The house was deathly quiet in the small hours, just as it had been for many weeks. No crashing dog-door (sometimes thrown off its apparently "robust hinges€ and into the garden), no more distant sound of a frantic cat-claw scrabble up the fence and no more slobbering lip-flapping snore coming from the dog bed. My much loved Boxer, Romeo had passed away and the silence was a deafening bottomless pit.

It was two in the morning and here was a face staring at me from my computer screen. It was long and black with white eye-brows and very pointed ears which met in the middle. The photo had been taken at an odd angle, as if a would-be David Attenborough had lain on the floor and zoomed up the nostrils. The body behind was rather 'uphill' as a consequence and bony hips completed the portrait.

"Lilo is a gentle soul€ the script said, "who enjoys lying back in the sunshine without a care in the world. She will make a quiet and loving companion with few demands. Her days of being a full time mother are over and it is her turn to be loved and cared for€.

My heart strings got a hefty twang.

I had visited "We Need Homes€ many times and had been assessed as a Suitable Adopter. I knew when I saw that face and read the words, that this was The One.  Filling in the form right away, I went back to bed, hopefully content that "an angel€ was on the way, albeit a black one.

Later the next day my partner, Howard, exclaimed in shock, "A GREYHOUND !*!!?**??€ He was promptly given GAP books, web site, articles and a very dark look. After that he became a changed man.

On our excited way to Hampton Downs I began to imagine Lilo and then a worm of worry entered this idyllic scene.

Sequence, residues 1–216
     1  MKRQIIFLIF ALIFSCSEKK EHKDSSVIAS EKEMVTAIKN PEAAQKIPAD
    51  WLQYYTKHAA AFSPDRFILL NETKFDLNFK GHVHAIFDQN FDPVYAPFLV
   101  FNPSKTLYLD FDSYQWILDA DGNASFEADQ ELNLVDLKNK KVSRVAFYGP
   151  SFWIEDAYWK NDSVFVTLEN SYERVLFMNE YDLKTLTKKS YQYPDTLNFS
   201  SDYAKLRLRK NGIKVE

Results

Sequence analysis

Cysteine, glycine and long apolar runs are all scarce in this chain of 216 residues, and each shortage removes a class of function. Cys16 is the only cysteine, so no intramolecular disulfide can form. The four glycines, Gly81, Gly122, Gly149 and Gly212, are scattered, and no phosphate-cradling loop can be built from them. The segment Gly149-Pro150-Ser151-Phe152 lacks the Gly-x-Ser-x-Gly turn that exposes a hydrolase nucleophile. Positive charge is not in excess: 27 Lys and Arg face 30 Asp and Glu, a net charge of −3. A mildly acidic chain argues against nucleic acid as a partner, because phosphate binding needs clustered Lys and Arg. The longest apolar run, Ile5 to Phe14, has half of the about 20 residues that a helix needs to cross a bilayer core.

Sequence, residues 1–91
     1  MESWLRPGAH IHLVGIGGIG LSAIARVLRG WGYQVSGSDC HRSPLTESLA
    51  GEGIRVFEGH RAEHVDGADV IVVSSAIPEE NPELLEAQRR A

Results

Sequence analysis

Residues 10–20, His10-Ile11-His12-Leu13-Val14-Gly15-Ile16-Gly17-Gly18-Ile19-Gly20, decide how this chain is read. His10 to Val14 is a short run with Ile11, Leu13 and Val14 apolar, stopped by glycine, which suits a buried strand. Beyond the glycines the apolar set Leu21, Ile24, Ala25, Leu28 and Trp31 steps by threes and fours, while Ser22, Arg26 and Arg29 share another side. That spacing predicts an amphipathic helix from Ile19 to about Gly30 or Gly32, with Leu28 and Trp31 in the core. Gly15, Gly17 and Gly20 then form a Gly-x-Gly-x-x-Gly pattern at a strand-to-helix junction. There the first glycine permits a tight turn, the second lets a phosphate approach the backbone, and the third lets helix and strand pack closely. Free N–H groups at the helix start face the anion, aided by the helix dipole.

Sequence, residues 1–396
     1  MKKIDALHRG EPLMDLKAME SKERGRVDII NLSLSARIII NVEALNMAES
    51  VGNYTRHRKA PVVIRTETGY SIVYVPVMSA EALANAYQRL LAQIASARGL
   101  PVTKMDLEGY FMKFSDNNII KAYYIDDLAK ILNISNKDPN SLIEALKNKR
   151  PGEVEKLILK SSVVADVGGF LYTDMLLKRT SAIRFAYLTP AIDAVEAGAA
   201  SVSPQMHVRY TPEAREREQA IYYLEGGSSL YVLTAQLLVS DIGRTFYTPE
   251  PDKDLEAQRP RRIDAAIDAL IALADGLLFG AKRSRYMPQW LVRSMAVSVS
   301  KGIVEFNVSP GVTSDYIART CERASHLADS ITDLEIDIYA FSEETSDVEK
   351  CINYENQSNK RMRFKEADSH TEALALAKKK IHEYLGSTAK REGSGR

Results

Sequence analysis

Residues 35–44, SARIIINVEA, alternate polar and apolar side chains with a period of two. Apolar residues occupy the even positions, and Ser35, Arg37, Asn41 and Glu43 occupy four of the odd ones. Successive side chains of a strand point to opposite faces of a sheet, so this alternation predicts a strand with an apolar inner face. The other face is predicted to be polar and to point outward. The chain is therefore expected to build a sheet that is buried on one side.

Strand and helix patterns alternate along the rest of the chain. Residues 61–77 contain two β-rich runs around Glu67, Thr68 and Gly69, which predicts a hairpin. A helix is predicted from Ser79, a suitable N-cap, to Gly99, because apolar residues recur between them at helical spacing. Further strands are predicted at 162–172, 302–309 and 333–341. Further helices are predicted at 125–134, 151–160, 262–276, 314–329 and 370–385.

Silent thoughts :

€¦€¦€¦€¦`Lilo is nine years old. One of my Boxers, Lucy was nine, she had had pups too and her tummy had dropped - big time.  Her teats were so long that one day when she was lying on the carpet, my elderly mother mistook a nipple for a beetle and tried to pick it up. Lucy never did get over that. Maybe Lilo is arthritic, that photo was a little weird, and maybe the uphill body and the bony angles are real'.  

I turned to Howard who had been reading all about 0-75kms in five seconds and comparisons with cheetahs in darkest Africa.

"Howard, you know that Lilo is nine, she will have a big fat droopy belly with very long teats and probably can't walk very well with arthritis and possibly has hip issues, after all she has raced, had four litters and fostered another litter at the same time. She is probably worn out and may not have long to live.€


He said that would be alright. He couldn't say much else really as we swung into Hampton Downs kennels.

After friendly introductions, Anna Marie went off to get Lilo. We waited, do they make Zimmer frames for dogs I wondered. Howard looked remarkably keen and obviously still had Cheetahs in mind.

When Anna Marie walked around the corner with the most beautiful creature imaginable, I was awe struck - like a stunned mullet in fact.  Slim, sleek, jet black, balanced, alert and graceful. Not a teat in sight. There was something of the Pharaoh hound about her - those pricked ears, that ancient wisdom, it was all there.  And that was the beginning of an amazing new chapter for us all.  Enter, Lilo, the Black Angel.

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